Our Ramadan Preps are with Autism in Mind

Our Ramadan Preps are with Autism in Mind May 18, 2017
D spinning his beads. It's magical.
D spinning his beads. It’s magical.

The Ramadan preps are in full force around me — from the texts, WhatsApp messages and social media posts being passed back and forth sharing certain du’as (prayers), schedules for daily Quran reading, to ways to engage children, crafting and reading projects to help kids connect with the fasting month to advice how to fast safely and break fasts with healthful foods and so much more.

Memes on avoiding fried foods upon breaking one’s fast. Advice posts on how to maintain an exercise routine while fasting/praying. Articles about how to adjust one’s sleep schedule to maximize nighttime worship while still doing the daily grind of work or school. Articles about other ways women can worship and connect while they are on their periods and not fasting.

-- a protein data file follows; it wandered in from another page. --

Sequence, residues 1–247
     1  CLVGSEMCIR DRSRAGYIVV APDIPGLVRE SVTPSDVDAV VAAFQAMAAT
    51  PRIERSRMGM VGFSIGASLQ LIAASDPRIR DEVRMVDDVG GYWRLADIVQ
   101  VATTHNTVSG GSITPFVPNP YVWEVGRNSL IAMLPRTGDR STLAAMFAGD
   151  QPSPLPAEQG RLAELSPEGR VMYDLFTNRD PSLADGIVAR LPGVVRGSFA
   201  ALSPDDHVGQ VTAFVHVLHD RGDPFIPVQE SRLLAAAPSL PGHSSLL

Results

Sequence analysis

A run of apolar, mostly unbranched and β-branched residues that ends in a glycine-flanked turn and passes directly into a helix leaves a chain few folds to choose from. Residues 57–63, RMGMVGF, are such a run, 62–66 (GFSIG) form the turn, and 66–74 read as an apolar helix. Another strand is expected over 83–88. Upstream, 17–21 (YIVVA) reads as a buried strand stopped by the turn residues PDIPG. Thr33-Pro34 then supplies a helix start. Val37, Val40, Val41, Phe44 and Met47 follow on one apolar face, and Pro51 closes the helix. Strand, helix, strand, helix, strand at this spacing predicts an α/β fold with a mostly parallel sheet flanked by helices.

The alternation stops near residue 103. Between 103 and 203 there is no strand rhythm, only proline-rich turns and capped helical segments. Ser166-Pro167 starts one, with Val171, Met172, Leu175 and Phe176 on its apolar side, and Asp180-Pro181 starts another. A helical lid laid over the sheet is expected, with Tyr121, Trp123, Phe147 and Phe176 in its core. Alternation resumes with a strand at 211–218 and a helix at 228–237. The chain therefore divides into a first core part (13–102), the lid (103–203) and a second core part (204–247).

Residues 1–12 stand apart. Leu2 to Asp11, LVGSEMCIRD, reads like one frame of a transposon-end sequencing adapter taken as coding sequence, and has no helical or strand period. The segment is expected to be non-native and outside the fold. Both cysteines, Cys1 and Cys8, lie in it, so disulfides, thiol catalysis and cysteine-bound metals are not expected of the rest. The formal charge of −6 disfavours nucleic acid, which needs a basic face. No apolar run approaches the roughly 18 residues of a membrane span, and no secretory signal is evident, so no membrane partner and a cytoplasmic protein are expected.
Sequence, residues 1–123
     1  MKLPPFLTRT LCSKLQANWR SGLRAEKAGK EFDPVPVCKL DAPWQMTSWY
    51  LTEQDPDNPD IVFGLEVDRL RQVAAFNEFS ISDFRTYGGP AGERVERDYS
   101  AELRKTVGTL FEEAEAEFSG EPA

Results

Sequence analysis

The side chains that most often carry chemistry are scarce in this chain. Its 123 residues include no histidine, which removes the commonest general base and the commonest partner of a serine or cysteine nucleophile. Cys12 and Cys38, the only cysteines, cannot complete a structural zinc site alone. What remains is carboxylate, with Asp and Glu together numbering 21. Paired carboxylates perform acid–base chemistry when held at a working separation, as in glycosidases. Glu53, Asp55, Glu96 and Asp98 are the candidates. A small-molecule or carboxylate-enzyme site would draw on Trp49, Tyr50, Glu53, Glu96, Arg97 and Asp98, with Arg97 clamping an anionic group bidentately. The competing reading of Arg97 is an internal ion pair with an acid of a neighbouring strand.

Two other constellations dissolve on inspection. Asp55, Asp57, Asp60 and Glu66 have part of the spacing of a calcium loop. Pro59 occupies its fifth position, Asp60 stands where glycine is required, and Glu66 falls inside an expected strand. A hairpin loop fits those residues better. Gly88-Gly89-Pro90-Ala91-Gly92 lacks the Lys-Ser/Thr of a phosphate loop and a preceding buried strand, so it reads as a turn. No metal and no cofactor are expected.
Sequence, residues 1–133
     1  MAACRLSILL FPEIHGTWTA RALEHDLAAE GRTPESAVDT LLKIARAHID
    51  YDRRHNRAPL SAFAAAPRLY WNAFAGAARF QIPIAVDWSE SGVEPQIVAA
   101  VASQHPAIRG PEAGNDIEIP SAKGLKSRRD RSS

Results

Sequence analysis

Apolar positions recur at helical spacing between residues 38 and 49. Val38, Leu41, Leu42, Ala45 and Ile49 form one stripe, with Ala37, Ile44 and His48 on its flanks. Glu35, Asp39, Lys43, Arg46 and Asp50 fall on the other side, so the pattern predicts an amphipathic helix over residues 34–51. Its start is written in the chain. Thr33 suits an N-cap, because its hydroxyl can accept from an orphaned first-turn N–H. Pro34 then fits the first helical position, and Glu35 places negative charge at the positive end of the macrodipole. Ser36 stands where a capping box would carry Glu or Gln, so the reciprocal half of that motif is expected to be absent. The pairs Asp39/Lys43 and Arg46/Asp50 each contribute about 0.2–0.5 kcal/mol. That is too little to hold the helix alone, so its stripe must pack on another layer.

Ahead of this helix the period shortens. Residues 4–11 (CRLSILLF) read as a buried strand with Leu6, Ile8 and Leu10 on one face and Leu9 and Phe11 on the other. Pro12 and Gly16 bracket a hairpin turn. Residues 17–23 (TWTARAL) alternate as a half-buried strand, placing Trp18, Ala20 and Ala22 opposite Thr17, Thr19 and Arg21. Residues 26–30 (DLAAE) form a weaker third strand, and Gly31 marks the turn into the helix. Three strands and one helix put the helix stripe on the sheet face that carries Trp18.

Even how to find time in a schedule that is meant for increased spiritual connection with Allah and worship through fasting and prayer to maintain spousal relationships – you know, making time for (marital) sex.

Then there are the million and one articles, posts and messages being shared on food preps. Preparing a food schedule for the month and shopping/prepping ahead so one’s time isn’t wasted figuring out what to buy, cook and eat when it’s time to break fast. Prepping special and favorite iftaar (fast-breaking) snacks and food ahead of time. Thirteen easy and fast suhoor (pre-fast) meals that will help you feel full longer! Drink these things smoothies to avoid dehydration while fasting! Prophetic meals!

Things you can do if you cannot fast (due to age, health reasons or mental health reasons). Articles about the Ramadan struggle – how to regain that elusive connection to God and build better spiritual and life habits while sluicing off the negative ones.

The 99 names of Allah challenge – commit to memorizing three names of Allah daily. Planning for Tarawih (night) prayers. Special daily lectures to listen to. Ramadan advent calendars to put up. And on and on and on.